WILKES-BARRE — Reputed Crips street gang member Keanu Pinnock wishes he could take back his role in the fatal shooting of Irvando “Yardie” Crooks in September 2016.
“I apologize to the family of Irvando Crooks. I know what I did was wrong,” Pinnock read from a prepared statement Thursday at his sentencing in Luzerne County Court.
“Since I have been incarcerated, I have realized a lot of things. This lifestyle is not for me,” the Wilkes-Barre man said, acknowledging all he can do now is express his remorse and seek forgiveness.
Luzerne County Judge Joseph Sklarosky Jr. sentenced Pinnock, 20, of North Sherman Street, to serve 12 to 24 years in state prison on a third-degree murder charge.
Wilkes-Barre police said Pinnock, also known as “Preky,” and Tevon “Mulah” Thomas, 25 — another reputed Crips gang member — fatally shot Crooks inside 70 N. Sherman St. on Sept. 2, 2016. Crooks was found by police in front of the house lying on the lawn.
An autopsy revealed Crooks, 25, died from multiple gunshot wounds.
Pinnock pleaded guilty to third-degree murder under a negotiated plea agreement with the district attorney’s office in November. Under the deal, Pinnock cooperated with prosecutors and testified at Thomas’ jury trial in January.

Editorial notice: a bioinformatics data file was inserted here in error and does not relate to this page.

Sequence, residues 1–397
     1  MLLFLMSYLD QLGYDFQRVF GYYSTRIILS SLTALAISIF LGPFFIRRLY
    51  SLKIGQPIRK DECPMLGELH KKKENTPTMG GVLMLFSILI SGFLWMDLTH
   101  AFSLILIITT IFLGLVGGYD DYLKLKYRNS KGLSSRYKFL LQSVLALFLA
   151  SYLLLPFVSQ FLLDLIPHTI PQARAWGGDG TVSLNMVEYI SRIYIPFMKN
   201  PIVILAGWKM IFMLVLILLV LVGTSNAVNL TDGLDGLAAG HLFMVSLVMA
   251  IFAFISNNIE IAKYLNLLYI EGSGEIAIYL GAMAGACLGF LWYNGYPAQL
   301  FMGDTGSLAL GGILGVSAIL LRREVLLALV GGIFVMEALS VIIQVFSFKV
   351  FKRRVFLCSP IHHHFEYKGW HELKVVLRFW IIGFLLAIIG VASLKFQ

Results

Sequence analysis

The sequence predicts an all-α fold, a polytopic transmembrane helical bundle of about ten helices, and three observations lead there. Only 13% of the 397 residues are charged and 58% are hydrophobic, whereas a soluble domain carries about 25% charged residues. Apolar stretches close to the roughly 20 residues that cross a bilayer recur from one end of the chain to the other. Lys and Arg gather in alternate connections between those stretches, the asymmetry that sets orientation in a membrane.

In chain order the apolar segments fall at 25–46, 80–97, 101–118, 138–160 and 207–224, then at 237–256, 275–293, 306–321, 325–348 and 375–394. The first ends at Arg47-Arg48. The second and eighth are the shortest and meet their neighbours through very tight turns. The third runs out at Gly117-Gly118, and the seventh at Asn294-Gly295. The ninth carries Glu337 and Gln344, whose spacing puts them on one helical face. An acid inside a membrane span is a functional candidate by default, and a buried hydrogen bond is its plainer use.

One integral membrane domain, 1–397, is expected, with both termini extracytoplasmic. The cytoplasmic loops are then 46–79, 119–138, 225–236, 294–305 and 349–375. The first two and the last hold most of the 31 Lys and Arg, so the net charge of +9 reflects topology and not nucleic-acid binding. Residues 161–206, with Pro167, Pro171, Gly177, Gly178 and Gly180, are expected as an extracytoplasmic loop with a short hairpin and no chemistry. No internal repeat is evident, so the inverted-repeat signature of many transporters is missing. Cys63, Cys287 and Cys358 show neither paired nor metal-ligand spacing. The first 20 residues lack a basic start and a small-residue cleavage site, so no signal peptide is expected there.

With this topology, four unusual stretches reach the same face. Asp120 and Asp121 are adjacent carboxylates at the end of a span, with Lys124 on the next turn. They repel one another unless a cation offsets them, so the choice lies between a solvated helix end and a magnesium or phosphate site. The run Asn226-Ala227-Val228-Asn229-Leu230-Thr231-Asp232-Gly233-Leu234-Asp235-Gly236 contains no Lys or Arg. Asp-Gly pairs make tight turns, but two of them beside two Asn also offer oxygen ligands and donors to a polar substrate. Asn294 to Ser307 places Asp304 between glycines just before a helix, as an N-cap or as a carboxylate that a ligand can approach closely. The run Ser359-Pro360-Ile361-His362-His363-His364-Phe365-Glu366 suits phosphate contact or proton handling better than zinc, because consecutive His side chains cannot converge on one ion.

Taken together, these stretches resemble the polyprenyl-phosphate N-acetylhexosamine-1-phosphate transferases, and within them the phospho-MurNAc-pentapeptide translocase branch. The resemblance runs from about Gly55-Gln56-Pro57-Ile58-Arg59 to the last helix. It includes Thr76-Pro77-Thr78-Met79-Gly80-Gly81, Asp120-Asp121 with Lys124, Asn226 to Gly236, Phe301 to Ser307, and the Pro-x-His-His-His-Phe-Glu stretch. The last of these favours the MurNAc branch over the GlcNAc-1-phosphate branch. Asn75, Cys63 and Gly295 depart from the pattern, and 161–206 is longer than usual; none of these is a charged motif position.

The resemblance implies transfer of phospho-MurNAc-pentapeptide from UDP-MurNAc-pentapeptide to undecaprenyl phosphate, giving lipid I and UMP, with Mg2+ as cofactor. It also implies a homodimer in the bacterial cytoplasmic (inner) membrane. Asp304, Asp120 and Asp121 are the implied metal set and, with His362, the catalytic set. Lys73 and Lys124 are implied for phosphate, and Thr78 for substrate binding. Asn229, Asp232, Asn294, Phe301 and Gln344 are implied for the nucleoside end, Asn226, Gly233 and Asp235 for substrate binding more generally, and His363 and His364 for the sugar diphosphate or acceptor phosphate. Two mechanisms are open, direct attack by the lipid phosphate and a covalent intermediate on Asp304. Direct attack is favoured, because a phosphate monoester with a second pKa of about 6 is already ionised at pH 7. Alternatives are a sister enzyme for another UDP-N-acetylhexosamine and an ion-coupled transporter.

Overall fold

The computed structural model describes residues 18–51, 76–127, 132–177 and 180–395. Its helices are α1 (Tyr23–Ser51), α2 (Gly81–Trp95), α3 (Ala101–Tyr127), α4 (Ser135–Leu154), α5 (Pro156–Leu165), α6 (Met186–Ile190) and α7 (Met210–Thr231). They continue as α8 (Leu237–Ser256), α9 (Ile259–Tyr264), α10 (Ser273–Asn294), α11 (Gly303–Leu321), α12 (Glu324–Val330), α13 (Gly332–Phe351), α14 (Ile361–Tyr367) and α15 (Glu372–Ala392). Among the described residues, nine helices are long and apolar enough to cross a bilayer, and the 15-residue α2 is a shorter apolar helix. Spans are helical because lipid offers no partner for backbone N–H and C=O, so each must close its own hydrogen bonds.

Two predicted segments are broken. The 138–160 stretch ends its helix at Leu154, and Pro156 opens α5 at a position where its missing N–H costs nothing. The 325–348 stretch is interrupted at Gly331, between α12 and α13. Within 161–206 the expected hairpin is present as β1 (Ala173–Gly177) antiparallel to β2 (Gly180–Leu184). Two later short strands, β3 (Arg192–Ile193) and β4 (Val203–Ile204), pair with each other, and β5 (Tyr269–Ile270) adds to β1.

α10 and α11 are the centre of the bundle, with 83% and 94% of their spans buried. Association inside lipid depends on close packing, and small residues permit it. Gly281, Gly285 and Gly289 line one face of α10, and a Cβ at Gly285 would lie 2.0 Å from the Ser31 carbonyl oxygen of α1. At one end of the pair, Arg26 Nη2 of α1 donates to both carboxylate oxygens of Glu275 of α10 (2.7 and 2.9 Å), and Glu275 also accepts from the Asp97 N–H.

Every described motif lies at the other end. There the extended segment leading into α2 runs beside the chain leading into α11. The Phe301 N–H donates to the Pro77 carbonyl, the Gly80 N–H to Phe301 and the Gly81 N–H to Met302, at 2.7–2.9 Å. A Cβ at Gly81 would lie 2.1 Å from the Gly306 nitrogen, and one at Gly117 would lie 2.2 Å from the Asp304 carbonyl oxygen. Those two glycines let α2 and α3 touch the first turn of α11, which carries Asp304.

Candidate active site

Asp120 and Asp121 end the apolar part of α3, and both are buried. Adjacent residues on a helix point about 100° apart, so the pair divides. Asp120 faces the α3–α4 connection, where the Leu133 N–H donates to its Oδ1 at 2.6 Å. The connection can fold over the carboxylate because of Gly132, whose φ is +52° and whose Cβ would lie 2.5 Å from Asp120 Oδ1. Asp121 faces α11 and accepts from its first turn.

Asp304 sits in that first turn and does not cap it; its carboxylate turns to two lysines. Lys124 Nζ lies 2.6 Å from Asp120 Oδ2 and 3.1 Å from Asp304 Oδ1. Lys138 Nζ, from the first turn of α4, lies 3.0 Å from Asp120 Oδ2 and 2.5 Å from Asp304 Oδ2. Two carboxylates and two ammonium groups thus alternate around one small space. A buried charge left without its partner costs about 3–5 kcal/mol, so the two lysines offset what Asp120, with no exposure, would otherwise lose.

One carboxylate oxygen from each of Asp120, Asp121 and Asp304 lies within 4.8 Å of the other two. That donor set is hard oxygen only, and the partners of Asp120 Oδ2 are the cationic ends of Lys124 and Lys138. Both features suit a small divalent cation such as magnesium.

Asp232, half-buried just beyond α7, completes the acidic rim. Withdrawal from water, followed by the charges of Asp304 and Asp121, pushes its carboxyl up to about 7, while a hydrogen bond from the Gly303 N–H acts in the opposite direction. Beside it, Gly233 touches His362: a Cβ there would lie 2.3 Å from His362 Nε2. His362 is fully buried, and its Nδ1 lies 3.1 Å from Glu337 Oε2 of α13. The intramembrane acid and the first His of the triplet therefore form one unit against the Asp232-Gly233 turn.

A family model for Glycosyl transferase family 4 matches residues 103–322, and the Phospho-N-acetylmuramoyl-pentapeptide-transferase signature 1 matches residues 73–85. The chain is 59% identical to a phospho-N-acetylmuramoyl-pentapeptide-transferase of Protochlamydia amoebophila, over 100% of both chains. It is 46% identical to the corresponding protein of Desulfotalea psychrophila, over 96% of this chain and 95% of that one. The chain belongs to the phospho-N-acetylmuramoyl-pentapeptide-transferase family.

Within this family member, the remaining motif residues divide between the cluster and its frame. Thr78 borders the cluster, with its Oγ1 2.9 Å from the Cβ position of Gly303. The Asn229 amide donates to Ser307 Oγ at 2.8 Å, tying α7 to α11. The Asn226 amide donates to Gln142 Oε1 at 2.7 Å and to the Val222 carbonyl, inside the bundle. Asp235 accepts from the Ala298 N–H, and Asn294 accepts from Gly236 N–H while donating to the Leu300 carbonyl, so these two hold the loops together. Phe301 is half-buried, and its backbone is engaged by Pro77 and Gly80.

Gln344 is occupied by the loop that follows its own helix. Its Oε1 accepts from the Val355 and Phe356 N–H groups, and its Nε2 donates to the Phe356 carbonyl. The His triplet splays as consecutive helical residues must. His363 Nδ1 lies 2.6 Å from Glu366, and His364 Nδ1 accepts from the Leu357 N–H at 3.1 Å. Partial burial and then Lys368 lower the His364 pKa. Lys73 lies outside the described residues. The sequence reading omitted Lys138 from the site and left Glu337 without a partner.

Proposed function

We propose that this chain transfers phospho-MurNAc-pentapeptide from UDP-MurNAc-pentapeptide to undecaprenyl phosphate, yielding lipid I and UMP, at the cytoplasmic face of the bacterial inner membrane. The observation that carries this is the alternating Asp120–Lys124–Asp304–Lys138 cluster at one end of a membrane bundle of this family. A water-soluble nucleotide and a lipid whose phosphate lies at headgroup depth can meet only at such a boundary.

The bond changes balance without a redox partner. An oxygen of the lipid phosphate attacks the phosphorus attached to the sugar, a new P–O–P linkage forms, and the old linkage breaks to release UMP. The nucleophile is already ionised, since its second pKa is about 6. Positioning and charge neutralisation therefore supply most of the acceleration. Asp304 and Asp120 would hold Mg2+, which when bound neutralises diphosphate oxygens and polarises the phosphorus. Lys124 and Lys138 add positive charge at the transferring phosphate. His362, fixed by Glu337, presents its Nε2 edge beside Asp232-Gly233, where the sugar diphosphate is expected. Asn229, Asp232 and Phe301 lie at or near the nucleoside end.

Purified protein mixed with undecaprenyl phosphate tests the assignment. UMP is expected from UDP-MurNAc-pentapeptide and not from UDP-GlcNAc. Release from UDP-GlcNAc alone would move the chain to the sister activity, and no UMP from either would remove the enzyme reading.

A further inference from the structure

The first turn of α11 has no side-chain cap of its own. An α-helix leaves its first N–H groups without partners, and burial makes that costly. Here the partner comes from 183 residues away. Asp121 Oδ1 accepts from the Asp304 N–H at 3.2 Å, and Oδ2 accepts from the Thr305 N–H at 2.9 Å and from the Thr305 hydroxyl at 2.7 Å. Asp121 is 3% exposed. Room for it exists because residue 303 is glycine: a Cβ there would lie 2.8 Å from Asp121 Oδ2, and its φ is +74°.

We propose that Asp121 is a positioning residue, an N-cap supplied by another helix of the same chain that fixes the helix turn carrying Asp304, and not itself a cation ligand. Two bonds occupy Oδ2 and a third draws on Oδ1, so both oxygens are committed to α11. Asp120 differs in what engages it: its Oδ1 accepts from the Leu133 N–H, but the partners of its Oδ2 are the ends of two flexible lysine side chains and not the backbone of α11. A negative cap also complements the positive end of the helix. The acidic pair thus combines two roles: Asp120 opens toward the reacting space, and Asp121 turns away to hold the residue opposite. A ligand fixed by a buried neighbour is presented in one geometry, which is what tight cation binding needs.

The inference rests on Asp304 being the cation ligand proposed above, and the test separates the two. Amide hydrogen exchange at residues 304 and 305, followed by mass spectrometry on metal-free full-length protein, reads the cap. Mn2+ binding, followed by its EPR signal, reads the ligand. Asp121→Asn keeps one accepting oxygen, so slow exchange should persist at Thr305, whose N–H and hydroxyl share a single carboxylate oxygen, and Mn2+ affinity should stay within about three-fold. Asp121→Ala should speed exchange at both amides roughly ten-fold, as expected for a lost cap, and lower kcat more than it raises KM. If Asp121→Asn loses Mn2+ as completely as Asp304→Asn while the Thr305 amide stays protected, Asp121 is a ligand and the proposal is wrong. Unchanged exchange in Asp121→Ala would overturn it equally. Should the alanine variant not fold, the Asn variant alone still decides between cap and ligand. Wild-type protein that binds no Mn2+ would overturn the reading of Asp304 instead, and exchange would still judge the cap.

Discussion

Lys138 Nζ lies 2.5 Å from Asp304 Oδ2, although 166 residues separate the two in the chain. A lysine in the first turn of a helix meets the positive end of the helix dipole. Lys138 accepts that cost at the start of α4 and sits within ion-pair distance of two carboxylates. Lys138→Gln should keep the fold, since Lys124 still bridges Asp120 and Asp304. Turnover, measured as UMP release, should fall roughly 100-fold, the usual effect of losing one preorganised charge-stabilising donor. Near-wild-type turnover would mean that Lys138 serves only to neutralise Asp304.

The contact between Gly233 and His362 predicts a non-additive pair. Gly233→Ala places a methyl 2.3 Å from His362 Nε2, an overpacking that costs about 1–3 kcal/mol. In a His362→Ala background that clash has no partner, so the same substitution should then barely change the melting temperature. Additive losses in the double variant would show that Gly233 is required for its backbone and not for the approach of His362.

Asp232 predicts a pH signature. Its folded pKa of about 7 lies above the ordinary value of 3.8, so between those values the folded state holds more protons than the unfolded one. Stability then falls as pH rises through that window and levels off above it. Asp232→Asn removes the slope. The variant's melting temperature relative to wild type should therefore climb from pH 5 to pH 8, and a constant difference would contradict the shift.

A jury convicted Thomas of first-degree criminal homicide for his role in the fatal shooting. Thomas faces a mandatory life term when he is sentenced next week.
Assistant prosecutors Tony Ross and Jill Matthews told Sklarosky that Pinnock upheld his end of the plea deal by testifying at Thomas’ trial.
Pinnock testified Crooks was angry because a phone used to sell drugs ran out of minutes. As punishment, Crooks prohibited Pinnock from selling drugs for a week.
While Pinnock was inside 70 N. Sherman St., he told Thomas he wasn’t permitted to sell drugs, and Thomas took the punishment as a personal insult.
When Crooks showed up at Pinnock’s house, Pinnock testified, Thomas drew his weapon first, pointing it at Crooks and firing a round that struck Crooks in the leg. Pinnock fired two rounds, with one bullet striking Crooks in the back. Pinnock said Thomas tried to fire another shot but the handgun jammed after a clip was loaded.
Pinnock faced 20 to 40 years in state prison. Due to his cooperation with prosecutors, Sklarosky accepted the recommendation by Ross and Matthews of a 12- to 24-year term.